Yellow-throated Honeyeater (Nesoptilotis flavicollis) is mainly restricted to Tasmania and Bass Strait Islands. The Yellow-throated Honeyeater occurs through a wider range of habitats there than any other honeyeater. Wet and dry sclerophyll forest, coastal heaths, alpine woodland, and even well-shrubbed gardens are occupied.
Similar to its close relative, the White-eared Honeyeater, it is rather solitary, only remaining in family groups temporarily after breeding in autumn and gathering on cider gum to feed on manna exuding from foliage. During the winter season, the coastal populations swell with birds-females and immature-from probably higher altitudes, most visiting the same feeding quarters each year.
Although the territorial male birds are sedentary, and hold much the same range year-round, advertising it with loud, machine-gun-like tonk-tonk-tonks sporadically from vantage perches through the day. They seem to mate temporarily with females, and then drive them and their young off, only to remote and nest again in the same season. Pairs make the nest alone.
Both partners are reported to build and incubate -though this needs confirmation-and both feed the young and defend the vicinity of the nest aggressively, flying at intruders and driving them off. Building birds often become bold and pull hair and fur from stock and household pets to line their nests. Also, like the White-eared Honeyeater, the Yellow-throated is a bark- and crevice-forager.
Indeed, its abundance in any area can be linked to the number of large eucalypts providing extensive foraging surfaces. The birds work over the cracks and crannies on trunks and branches, hopping and fluttering actively, gleaning out into foliage and down through shrubbery to the ground. Spiders and insects-beetles, flies, wasps, and caterpillars-are staple prey, and are augmented with scale insects, their sugary secretions, and manna from insect-damaged foliage.
The birds even hawk out for small moths and butterflies. The flight between trees is an erratic, twisting, undulating dash. Insects provide 80 percent of this honeyeater’s diet. Nectar and fruit are taken rarely, although young birds are sometimes attracted to eucalypt blossoms and fruit.
It is also known as Linnet, with a length of 195-210 mm. Sexes are similar; however male bird is a bit larger. The head, nape, and sides of the neck are rich gray, faintly flecked black on the crown. Thus, the rest of the upper parts, wings, and tail are citrine green. The lores and lower cheeks are black-gray to silver-grey upper cheeks and ear coverts with small yellow ear tuft.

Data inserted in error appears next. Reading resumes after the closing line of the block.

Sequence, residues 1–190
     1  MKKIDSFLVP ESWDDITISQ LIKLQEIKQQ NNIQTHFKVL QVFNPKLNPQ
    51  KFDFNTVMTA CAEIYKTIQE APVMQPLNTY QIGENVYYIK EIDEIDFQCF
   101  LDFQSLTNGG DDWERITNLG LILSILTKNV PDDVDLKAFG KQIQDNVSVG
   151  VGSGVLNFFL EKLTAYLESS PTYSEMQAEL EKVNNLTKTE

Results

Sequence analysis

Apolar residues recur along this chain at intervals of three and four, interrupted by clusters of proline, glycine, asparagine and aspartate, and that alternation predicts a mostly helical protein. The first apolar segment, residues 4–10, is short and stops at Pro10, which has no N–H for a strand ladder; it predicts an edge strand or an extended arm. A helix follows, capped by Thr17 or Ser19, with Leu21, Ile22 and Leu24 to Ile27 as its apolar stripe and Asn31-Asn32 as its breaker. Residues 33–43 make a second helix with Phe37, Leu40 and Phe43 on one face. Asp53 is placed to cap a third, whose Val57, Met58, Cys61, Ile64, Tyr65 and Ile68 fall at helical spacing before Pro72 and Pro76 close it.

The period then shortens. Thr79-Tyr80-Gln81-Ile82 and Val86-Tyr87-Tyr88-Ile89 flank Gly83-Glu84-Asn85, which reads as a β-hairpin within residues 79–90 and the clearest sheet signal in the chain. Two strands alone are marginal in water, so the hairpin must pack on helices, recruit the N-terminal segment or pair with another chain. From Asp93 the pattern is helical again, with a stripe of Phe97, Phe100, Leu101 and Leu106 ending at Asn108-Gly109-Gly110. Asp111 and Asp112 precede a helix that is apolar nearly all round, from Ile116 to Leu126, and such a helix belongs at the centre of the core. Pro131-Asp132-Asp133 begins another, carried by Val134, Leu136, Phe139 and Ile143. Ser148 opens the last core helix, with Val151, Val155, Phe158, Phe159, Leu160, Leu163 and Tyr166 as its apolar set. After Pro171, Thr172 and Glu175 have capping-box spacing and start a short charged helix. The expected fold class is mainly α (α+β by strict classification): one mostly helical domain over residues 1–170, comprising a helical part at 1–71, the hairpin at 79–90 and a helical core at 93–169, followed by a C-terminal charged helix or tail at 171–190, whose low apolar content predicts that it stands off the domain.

Chin and throat are rich yellows, bordered are blackish gray, grading into paler grey breast and belly which is washed yellow in center; under-tail olive tipped yellow. The eyes are red along with the black bill and slate-grey feet. The immature bird as adults but duller; throat pale yellow; eye hazel.
The Yellow-throated Honeyeater advertising call is quite loud, resonant, machine-gun-like tonk, typically repeated 3 or 4 times. Other calls are whirring churrr ending with sharp chop note and loud pick-em-up very harsh churr in aggression.
In many local dialects, however, the song of Yellow-throated Honeyeater consists of a variety of soft warbling notes uttered at dawn or dusk, mainly during the breeding season. The breeding and nesting seasons are July-January. Nest a deep bark cup, interwoven with grasses; lined with fur, wool, and sometimes feathers; usually placed in a grass tussock, bracken bush, up to one or two meters above the ground.
The clutch contains two or three; pale buff-pink colors eggs, that are delicately spotted and flecked with red-brown and purple-gray, mostly at the larger end; oval shape approximately 24 x I7 mm. The incubation period is about I5-16 days. The juvenile bird fledges in about I4-15 days. Yellow-throated Honeyeater is a common bird in most habitats throughout Tasmania and Bass Strait islands, particularly shrubbed wet and dry sclerophyll forests.